Hutchison Austria Seen as Lesson for EU in E-Plus, O2 ProbesAoife White and Alexander Weber
The European Union’s failure to stoke competition when Hutchison Whampoa Ltd. bought a rival Austrian unit should be a warning for EU probes into other telecommunications deals by Hutchison and Telefonica SA, said the head of the nation’s antitrust authority.
Prices surged after EU watchdogs waved through Hutchison’s purchase of wireless carrier Orange Austria even after regulators imposed conditions aimed at mitigating the effect of losing one of the nation’s four operators. The EU should heed that lesson as it examines two deals that would also knock out a competitor, Theodor Thanner said in a telephone interview yesterday.
Price increases “were one of our fears and they became true,” Thanner said. “For the future, and this concerns Ireland and Germany, one is well advised to look carefully at Austria’s experience.”
Just over a year after winning EU approval for its Austrian deal, Hutchison will try to overcome EU concerns about its bid for O2 Ireland at a hearing with European Union regulators in Brussels today. Telefonica’s German unit may soon receive objections listing antitrust concerns to its 8.55 billion euro ($11.8 billion) bid for Royal KPN NV’s E-Plus, two people familiar with the matter said last week. Both transactions would cut the number of mobile operators to three from four.
Following the EU probe of its Austrian purchase, Hutchison ceded spectrum and offered network access to up to 16 so-called mobile virtual network operators so they could start up rival phone services.
No company took up its spectrum offer in an auction last year and no MVNO rival has so far rolled out a phone service. While Liberty Global Inc.’s UPC bought access, it has yet to commence operations. Several new MVNOs are expected to enter the Austrian market later this year, said Tom Tesch, a spokesman for Hutchison’s Austrian unit, in an e-mail.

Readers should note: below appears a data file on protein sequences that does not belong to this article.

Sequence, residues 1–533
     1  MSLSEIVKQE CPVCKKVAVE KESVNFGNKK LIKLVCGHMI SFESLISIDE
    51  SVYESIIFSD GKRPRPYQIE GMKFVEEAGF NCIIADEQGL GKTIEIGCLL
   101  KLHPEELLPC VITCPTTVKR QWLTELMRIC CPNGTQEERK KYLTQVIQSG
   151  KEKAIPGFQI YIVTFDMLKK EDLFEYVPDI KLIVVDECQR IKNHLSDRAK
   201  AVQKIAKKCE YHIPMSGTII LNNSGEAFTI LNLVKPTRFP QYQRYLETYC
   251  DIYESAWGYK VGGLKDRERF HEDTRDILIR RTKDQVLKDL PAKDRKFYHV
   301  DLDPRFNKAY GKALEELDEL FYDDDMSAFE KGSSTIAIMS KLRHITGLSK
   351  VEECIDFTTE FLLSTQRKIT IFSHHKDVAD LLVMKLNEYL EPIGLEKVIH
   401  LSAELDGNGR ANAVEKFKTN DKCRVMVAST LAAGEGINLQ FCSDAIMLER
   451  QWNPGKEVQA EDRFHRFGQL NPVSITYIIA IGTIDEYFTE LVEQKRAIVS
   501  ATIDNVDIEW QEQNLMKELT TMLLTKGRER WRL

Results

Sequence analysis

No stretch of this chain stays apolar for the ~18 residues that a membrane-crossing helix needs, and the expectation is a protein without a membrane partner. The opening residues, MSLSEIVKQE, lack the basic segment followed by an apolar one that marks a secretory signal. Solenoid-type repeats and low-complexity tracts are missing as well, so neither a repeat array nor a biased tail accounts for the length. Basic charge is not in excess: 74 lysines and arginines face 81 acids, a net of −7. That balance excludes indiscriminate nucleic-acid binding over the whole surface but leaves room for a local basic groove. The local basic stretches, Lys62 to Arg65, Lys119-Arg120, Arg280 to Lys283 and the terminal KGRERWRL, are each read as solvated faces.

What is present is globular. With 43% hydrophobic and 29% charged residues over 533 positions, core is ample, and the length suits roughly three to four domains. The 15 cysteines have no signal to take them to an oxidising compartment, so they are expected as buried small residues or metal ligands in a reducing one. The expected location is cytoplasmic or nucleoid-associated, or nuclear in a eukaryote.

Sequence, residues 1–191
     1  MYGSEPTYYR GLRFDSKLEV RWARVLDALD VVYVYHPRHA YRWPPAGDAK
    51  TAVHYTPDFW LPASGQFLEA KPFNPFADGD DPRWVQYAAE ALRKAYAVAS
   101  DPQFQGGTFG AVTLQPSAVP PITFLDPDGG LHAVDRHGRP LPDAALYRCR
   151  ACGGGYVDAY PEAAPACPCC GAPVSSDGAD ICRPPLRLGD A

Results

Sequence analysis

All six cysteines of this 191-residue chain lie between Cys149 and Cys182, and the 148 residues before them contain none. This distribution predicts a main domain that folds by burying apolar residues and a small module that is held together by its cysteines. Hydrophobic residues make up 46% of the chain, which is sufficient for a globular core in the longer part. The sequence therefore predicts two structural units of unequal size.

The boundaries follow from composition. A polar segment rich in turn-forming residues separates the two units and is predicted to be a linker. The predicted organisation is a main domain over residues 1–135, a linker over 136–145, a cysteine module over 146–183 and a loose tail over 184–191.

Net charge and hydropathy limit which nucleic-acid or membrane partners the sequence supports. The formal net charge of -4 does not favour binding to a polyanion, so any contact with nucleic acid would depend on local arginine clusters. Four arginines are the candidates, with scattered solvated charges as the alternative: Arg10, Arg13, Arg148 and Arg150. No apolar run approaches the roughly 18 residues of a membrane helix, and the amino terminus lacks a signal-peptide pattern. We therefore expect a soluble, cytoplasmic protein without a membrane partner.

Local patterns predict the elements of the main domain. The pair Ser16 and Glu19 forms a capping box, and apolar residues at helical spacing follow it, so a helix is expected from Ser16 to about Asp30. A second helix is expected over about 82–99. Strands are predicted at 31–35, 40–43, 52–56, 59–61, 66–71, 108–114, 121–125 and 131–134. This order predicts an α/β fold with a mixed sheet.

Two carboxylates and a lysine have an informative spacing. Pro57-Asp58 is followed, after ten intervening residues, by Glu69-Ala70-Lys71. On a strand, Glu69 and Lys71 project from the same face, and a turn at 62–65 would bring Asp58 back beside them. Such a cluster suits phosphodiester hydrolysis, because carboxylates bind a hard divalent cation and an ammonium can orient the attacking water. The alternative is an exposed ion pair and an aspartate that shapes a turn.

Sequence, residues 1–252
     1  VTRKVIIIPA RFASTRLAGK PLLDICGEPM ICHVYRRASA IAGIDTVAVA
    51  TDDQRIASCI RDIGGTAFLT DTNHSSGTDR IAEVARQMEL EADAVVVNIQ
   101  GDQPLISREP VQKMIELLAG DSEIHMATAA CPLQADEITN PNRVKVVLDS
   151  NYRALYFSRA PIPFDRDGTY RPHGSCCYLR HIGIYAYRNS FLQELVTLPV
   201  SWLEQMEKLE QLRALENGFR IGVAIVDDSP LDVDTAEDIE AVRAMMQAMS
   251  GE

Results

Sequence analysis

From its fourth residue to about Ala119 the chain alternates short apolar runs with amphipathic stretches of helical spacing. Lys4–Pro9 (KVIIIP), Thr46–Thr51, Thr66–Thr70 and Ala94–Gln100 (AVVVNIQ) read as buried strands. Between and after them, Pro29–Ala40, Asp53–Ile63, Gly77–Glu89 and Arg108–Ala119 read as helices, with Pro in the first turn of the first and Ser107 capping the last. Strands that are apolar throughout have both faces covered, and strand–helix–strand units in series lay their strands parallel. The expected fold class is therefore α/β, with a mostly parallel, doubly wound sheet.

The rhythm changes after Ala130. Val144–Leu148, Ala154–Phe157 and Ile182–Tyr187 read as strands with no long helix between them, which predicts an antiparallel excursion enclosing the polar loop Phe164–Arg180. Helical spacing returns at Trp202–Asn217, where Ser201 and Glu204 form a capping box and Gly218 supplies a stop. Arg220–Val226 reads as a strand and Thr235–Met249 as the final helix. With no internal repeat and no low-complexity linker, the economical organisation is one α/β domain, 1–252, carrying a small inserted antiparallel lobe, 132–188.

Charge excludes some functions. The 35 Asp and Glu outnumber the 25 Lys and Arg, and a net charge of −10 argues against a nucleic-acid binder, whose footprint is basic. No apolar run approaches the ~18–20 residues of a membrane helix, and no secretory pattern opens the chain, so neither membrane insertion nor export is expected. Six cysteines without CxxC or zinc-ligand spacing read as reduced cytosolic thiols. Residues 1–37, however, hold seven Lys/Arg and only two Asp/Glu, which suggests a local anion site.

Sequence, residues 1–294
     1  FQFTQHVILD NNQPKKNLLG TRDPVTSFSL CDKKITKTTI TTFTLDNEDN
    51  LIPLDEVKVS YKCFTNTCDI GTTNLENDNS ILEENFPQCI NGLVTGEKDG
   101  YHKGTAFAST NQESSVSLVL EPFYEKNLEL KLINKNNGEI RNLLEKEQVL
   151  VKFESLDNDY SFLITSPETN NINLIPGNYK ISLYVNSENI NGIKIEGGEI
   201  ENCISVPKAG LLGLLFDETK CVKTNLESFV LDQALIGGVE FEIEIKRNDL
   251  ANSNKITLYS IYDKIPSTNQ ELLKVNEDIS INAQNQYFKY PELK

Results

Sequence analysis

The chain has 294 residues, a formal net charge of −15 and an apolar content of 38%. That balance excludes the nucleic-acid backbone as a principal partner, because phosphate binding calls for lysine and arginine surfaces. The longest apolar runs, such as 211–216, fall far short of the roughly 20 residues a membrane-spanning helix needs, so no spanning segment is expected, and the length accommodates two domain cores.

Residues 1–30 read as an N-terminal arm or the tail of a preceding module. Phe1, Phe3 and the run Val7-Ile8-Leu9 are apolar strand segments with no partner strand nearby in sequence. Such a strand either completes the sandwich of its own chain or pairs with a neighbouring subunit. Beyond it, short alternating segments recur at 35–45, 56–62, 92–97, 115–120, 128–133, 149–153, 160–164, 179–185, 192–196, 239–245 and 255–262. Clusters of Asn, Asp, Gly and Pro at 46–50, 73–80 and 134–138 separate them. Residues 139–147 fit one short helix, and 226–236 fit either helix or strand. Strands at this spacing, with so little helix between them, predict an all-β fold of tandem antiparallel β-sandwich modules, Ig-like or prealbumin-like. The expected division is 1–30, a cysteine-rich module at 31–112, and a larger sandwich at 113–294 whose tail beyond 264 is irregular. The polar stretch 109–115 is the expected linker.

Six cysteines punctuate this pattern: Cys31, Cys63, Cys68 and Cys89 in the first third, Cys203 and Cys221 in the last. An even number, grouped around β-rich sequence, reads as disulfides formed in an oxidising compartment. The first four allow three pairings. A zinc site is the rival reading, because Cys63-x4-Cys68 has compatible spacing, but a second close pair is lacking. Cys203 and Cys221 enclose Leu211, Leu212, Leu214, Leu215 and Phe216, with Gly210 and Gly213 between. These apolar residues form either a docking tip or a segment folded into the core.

Such concessions to the EU’s antitrust authority were designed to spur competition in Austria as one operator disappeared, EU Competition Commissioner Joaquin Almunia said in 2012. Austrian consumers would continue to enjoy innovative mobile telecommunications services at an attractive price, he said as he approved the deal.
The conditions “haven’t worked so far,” Thanner said. “Structural conditions, where you make someone sell parts of the company, are more effective,” he said.
Austrian mobile-phone prices rose for the first time in three years, increasing by as much as 11 percent in the fourth quarter, the Austrian telecommunications regulator RTR said last month.
“As it looks now, it will take almost two years” for UPC to start offering phone services, said the RTR’s head Johannes Gungl in a telephone interview yesterday. While setting a deadline could have sped up the start of an MVNO, “I don’t think we could have done more to attract a fourth operator” to build its own network in Austria, Gungl said.
Ireland’s and Germany’s telecommunication regulators, the Commission for Communications Regulation and the Federal Network Agency, inquired about Austria’s experience with the merger, Gungl said. The two agencies were curious about the RTR’s dealings with the European Commission and also wanted to know what Austria would do differently in another takeover decision, he said.
It’s “deceptive” to blame the Hutchison acquisition for price increases in Austria because tariffs were low before the merger, said Peter Alexiadis, a lawyer for Gibson Dunn & Crutcher LLP in Brussels.
Telefonica Deutschland declined to comment on the EU probes.
“It is far too early to make an assessment of the impact of the merger,” Hutchison’s Tesch said. “Austrian price levels still remain among the lowest in Europe. The perceived price increases go along with increased usage and significantly higher costs for operators.”
There are “significant barriers” to new rivals in the telecommunications industry in German and Ireland, the EU’s antitrust chief Joaquin Almunia said last week.
Regulators can tackle such barriers by ensuring that companies can share network infrastructure, such as masts to increase mobile coverage, and keeping access pricing at an attractive level for virtual operators, Alexiadis said.